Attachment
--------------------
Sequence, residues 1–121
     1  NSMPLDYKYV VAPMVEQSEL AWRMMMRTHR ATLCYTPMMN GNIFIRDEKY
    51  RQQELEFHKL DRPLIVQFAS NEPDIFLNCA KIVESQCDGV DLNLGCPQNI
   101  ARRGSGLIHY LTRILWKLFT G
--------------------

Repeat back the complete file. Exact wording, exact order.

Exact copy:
Sequence, residues 1–121
     1  NSMPLDYKYV VAPMVEQSEL AWRMMMRTHR ATLCYTPMMN GNIFIRDEKY
    51  RQQELEFHKL DRPLIVQFAS NEPDIFLNCA KIVESQCDGV DLNLGCPQNI
   101  ARRGSGLIHY LTRILWKLFT G